Somalia: Demonstrations against Farmajo’s despotic rule postponed after government apologises for Feb 19 crackdown

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Friday’s demonstrations, planned against the incumbent President Mohamed Abdullahi Farmajo’s crackdown on protestors on 19 February, got postponed after the government authorities apologised for the inhumane. Earlier this month, the situation grew tense in Somalia, triggering constitutional crises when the outgoing President refused to step down despite the expiry of his tenure on February7.

The country’s political crisis transformed into human rights crisis after Farmajo started using security forces to crack down on peaceful demonstrations all cross the country, objecting to the extension of his rule. The recent episode of gruesome bloodbath, sparked massive outrage, as hundreds of innocent demonstrators were shot at by Somalian forces in Mogadishu, on February 19. Besides, in order to silence the dissenting opposition leaders, the government forces also attacked the hotel in Mogadishu where they were staying last week.

In order to influence global opinion, the government labelled the clash between supporters of opposition leaders and Somalian forces as an attack by “armed militia”, which the authorities claimed was repulsed by the army. Observes accused the outgoing Somali president of using force to ‘stage coup’ in the nation, in order to use it as an excuse to remain in power.

“The person who created the chaos should now avoid using his power,” said Dahir Geele, a member of the coalition of opposition candidates in a statement released on Wednesday. The opposition group had earlier planned to carry out a rally at Unknown Soldier’s monument this Friday, in order to press their demand for cessation of Farmajo‘s despotic rule. The government’s apology ahead of the Friday’s protests exhibited victory of will of the demonstrators, over Farmajo’s iron fist rule.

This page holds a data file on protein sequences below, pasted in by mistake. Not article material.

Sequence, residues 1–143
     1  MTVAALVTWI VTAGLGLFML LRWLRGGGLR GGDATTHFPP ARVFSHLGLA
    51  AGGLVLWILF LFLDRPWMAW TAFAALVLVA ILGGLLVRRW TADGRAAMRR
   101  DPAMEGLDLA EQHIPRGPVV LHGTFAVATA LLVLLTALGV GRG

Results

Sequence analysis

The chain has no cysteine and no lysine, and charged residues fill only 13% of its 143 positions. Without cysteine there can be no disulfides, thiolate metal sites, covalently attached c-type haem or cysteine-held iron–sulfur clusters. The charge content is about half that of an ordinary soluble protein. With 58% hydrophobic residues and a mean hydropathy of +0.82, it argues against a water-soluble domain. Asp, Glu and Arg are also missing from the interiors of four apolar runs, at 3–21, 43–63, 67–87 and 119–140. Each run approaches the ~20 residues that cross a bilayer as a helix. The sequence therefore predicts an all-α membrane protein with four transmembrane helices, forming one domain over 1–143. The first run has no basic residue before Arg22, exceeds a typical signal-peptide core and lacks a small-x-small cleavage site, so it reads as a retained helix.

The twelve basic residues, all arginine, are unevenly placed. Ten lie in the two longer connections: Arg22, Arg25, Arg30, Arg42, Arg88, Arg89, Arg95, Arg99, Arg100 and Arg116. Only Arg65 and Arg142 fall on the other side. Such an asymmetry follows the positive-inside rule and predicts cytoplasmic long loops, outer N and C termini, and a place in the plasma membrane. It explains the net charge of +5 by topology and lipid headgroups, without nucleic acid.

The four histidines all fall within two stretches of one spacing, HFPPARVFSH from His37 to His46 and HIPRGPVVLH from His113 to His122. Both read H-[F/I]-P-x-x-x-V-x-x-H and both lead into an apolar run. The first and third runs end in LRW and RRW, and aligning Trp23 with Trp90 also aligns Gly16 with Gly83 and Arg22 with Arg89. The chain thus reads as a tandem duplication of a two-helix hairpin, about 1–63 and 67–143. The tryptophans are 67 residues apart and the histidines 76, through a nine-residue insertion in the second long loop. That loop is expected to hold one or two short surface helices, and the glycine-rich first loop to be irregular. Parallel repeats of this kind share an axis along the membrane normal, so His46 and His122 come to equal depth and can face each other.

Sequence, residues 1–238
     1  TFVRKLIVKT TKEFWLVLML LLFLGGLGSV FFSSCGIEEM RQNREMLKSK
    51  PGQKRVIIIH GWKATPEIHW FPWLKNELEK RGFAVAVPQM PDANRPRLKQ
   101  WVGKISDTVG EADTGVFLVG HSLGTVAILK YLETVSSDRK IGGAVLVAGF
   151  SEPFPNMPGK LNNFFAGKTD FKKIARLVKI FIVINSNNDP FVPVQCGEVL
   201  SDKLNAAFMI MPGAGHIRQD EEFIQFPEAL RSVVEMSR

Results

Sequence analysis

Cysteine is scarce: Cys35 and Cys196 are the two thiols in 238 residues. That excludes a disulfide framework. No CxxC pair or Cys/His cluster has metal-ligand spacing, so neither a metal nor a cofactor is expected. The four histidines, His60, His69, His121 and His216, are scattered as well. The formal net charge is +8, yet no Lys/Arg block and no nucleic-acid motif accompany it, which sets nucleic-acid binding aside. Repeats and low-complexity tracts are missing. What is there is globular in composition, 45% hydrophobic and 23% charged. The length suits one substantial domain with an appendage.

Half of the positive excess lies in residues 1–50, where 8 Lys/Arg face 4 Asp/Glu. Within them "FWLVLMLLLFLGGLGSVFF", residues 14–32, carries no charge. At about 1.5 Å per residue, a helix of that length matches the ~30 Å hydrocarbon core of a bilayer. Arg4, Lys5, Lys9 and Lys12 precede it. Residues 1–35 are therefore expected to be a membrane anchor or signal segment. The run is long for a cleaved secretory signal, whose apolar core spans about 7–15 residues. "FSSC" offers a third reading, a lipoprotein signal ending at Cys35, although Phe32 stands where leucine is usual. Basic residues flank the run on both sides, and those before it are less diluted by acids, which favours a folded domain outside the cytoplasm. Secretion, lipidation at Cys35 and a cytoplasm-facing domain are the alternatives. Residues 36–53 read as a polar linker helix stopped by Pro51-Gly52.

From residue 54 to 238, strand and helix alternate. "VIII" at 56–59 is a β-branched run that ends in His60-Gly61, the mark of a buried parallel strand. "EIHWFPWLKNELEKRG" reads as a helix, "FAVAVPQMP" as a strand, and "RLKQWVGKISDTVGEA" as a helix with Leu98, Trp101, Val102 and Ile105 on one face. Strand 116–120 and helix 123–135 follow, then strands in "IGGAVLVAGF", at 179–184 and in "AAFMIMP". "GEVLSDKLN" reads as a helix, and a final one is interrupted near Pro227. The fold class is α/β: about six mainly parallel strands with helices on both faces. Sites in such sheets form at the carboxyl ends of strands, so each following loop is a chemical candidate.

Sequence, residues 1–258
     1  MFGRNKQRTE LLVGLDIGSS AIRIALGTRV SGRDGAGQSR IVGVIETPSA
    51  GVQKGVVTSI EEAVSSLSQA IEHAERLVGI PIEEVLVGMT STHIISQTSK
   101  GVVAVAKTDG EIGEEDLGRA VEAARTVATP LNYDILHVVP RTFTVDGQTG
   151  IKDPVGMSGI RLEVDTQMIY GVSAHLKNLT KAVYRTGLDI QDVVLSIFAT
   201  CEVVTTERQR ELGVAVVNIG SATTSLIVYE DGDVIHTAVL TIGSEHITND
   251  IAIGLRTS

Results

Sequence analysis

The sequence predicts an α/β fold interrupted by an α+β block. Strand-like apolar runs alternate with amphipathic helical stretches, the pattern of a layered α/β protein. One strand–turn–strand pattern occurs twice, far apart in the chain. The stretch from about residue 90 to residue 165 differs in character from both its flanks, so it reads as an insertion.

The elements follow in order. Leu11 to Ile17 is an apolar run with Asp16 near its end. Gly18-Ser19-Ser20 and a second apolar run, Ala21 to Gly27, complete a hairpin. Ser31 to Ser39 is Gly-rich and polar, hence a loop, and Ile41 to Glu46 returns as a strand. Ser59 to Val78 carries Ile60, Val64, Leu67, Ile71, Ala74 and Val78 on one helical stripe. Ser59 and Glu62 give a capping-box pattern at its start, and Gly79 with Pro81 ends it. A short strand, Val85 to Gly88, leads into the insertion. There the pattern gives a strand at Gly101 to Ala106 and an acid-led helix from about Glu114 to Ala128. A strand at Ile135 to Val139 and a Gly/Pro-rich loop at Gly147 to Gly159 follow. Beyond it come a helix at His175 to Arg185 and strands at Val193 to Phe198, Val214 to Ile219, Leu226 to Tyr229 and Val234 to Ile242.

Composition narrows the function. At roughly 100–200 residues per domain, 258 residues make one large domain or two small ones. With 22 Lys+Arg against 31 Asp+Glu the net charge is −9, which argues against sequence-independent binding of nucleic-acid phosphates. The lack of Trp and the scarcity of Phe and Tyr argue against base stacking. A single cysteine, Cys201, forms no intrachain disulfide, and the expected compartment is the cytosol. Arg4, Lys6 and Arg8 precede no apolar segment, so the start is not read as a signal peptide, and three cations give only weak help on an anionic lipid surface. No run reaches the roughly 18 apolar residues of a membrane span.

Read more : Farmajo uses Somalian security crisis as an excuse to defy constitution and remain in power

The key cause of ongoing protest had been Somali government’s failure to hold elections by the 8 February deadline. With the end of Farmajo’s tenure, the opposition group proposed for the creation of a transitional authority, as they refused to recognise his administration.The group also suggested creation of national council, to include lawmakers, opposition leaders and civil society workers in it, to govern the country prior to electing a new president.

Earlier this week, James Swan, the UN envoy for Somalia, called for an agreement over holding elections “as soon as possible” after last week’s attack on the protestors. In a quarterly video conference Swan urged “all of Somalia’s political leaders to pull back from confrontation and avoid risky winner-take-all tactics.” He added, “Instead, this is a time to pursue dialogue and compromise to reach an inclusive and credible political agreement to hold elections as soon as possible based on the 17 September model.”

However, Somalia’s electoral impasse continues as Farmajo remained resolute and denied succumbing to any pressure demanding the change of regime.Government spokesman Mohamed Ibrahim Moalimuu also warned the protesters against holding any demonstrations, citing Covid-19 restrictions as binding clause.“We won’t allow any rally, be it one organised by the government or the opposition, to take place in Mogadishu because of the surge of coronavirus and security threats,” Somalia Security Minister Hassan Hundubey said.

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